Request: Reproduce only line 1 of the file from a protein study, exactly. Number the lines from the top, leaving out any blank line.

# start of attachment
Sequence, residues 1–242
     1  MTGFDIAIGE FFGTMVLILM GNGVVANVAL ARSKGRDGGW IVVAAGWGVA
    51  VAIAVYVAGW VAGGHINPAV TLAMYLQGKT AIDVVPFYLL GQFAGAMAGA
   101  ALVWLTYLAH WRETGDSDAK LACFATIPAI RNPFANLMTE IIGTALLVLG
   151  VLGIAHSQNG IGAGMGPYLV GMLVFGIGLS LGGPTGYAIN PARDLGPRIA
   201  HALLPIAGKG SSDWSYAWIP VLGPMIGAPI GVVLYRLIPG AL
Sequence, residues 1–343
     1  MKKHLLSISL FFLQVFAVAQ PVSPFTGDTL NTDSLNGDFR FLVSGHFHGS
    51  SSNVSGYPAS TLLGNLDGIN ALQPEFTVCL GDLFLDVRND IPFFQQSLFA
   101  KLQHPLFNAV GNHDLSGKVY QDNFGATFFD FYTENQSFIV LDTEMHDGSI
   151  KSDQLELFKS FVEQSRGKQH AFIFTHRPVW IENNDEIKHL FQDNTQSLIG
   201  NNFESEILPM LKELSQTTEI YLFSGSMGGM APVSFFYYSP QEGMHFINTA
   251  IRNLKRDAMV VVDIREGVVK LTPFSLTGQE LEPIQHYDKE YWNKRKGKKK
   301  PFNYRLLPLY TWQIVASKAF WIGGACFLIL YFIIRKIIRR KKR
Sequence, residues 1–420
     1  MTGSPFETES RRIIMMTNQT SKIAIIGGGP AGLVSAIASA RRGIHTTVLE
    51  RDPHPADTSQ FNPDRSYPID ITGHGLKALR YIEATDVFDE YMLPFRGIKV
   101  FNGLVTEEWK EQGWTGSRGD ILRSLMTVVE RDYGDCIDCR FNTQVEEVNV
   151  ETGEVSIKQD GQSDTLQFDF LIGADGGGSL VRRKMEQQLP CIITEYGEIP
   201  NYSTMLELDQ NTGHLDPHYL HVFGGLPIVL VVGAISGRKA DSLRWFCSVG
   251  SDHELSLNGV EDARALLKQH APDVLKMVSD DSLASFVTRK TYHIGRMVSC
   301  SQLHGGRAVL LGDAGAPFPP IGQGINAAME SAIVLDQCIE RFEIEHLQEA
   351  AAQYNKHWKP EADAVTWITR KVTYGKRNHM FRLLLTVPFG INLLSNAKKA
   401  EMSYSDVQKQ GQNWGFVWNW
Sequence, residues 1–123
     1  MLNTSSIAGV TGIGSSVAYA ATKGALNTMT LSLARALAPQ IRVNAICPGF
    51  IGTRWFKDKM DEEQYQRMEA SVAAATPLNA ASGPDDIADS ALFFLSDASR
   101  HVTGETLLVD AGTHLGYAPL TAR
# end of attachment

Sequence, residues 1–242